My husband is older than me with an 18 year old daughter of his own. When we discussed having baby, he was a little freaked about flipping the hourglass. That said, he took a leap of faith and decided to go for it with one promise from me — if he helped give me the amazing gift of mommyhood, we would have ONE and only one.
I think that knowing that this was the only time I’d ever be pregnant, feel my baby kick, go through the birthing process, etc. helped me appreciate every little thing that much more. Knowing this would be my only birth, I became obsessed with reading the birthing process. I wanted to know what others had gone through and what they wished they had done differently. I decided that I wanted a natural birth, and found an amazing hospital in my area with a team of midwives that specializes in natural births, but makes other options available.
Fast forward to 2 days past my due date. I wasn’t just pregnant, I was super-pregnant. I had chipmunk cheeks, cankles, giganto feet, the whole deal. I was ready to get this labor thing on! Sadly, as my due date came and went, I started feeling LESS like labor was approaching. That night I watched TV, rolled into bed, and fell asleep. I awoke at 1AM to the realization that my pants were wet. I jumped up and waddled to the bathroom thinking, “surely I didn’t wet myself…? Could it really be…?”
After hovering over the toilet for 5 minutes while liquid continued to trickle out, I alerted my hubby. It was finally happening! Today we would meet our baby girl. I eagerly called my midwife, and her advice was to put on a pad and see if I could go back to bed, because I would need my rest. Well, a pad really was NOT going to cut it, because the fluid just kept on coming. So I fashioned myself a diaper out of a towel (think Sumo wrestler), and sat on the edge of the bed smiling. Today I would meet my baby!
Then the contractions began: 3-5 minutes apart, although the pain was tolerable at first. My husband and I chose to labor as long as possible at home, so we set about doing laundry, cleaning the house, and chatting excitedly about what was to come. The pain went from bad to worse. When I could no longer talk through contractions (at about 5AM), we decided we would both feel better if we headed to the hospital.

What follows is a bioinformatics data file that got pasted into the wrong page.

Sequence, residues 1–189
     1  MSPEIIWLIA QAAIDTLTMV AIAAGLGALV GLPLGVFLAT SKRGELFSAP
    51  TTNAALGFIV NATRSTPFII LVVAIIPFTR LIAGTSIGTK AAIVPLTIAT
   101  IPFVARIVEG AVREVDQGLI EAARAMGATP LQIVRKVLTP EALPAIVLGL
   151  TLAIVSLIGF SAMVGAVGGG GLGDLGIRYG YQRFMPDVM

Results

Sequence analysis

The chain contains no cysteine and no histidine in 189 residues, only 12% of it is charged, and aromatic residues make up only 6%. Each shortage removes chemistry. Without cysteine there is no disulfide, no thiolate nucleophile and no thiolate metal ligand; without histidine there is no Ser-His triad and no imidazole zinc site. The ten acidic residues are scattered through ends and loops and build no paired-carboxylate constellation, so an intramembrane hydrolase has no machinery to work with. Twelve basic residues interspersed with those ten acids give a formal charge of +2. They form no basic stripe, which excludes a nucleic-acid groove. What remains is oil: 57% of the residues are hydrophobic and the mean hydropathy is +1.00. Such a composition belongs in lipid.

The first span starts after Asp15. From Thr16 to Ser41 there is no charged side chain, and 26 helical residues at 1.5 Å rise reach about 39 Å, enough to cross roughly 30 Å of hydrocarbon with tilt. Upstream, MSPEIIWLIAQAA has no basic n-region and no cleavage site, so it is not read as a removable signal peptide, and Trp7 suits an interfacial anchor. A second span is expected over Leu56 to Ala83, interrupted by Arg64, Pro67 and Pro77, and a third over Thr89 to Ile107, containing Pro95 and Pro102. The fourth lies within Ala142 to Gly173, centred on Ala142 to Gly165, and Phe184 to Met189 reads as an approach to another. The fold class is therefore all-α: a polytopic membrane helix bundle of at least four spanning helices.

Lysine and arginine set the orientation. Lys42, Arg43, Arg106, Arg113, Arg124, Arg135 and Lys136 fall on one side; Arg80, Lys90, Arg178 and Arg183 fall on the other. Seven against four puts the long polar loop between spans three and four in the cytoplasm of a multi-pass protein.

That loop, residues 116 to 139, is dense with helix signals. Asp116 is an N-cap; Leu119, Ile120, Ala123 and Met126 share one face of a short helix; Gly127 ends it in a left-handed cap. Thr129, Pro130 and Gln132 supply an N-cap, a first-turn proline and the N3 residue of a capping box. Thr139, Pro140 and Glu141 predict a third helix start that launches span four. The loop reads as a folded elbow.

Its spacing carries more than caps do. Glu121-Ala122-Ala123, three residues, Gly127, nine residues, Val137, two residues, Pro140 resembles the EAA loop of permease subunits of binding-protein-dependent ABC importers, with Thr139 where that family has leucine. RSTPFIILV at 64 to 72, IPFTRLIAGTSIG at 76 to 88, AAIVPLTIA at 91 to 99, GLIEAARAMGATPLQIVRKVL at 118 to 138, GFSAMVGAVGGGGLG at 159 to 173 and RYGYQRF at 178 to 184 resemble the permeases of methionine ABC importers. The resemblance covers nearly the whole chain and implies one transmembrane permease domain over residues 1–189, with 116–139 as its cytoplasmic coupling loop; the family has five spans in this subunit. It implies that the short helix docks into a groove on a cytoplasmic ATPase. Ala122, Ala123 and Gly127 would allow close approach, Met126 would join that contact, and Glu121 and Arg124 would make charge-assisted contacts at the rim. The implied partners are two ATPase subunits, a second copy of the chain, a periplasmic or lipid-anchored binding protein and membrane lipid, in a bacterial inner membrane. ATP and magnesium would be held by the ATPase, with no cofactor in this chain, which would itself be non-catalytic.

As soon as we got to the room, I got checked (almost completely effaced but only dilated to a 1. Boo), then hopped in the water therapy tub. It was like heaven. I labored on all fours in the tub and moaned my way through each wave of pain and pressure that coursed through my back and lower abdomen. Every hour I had to hop back on the bed for some monitoring. I hated this time because laboring on the bed was intensely painful without any means of moving through the contractions.
After another 5 hours, they checked me again — dilated to a 3. This was not good. I began walking the halls with my husband, pausing during contractions to lean forward against the railing and roll my hips like I was hula hooping. This was the only thing that seemed to help. I was in a meditative state and kept telling myself, “your body was meant to do this.”
At my next monitoring session (about noon), I was told that the baby’s heart rate was dipping pretty drastically every time my contractions peaked, and I would need to stay in the bed so they could keep an eye on baby. Stay in the bed? But I hate the bed! The bed inhibits me! But this was no longer about me — it was about baby.
This was NOT the birth experience I had in mind — crying, scrunched up in an uncomfortable position with an IV in my arm and an oxygen mask on while my family looked on in horror.
So I lay in the bed, enduring each contraction without the ability to move. I began vomiting when my contractions peaked and was told if I kept vomiting I would have to get an IV of fluid. I threw up again. They gave me the IV. Then baby’s heart rate dropped low enough to alert the nurses. Things got blurry. I was told to turn on my side and ball my legs up to my chest. I was given oxygen. I began to cry.
This was NOT the birth experience I had in mind — crying, scrunched up in an uncomfortable position with an IV in my arm and an oxygen mask on while my family looked on in horror. I asked about pain management options. My midwife encouraged me to weigh the decision before jumping in, since my birth plan dictated I wanted a natural birth. I opted to check my progress first and then decide. After 12 hours of labor, I was dilated to a 5 — only halfway there. Epidural PLEASE.
I was afraid I would be disappointed in myself or that I would disappoint others by this decision. But you know what? After my epidural, I was more present. They removed my oxygen mask. I stopped vomitting and crying. My husband actually said, “welcome back”. Apparently, I had not spoken for hours.
While I could still feel the pressure of the contractions, my epidural gave me the opportunity to spend those last quiet moments alone with my family and husband before bringing my one and only child into the world. We dimmed the lights, cleared the room, and turned up the music — Ray LaMontagne’s “Let It Be Me.” As the song played, my husband and I looked into each other’s eyes and cried. We knew our lives were about to change in the most amazing way.
Looking back, I’m glad my birth went exactly as it did. I got to experience the intensity of natural labor, and then have the soft, intimate moments the epidural afforded before the pushing started. I couldn’t have planned it better myself.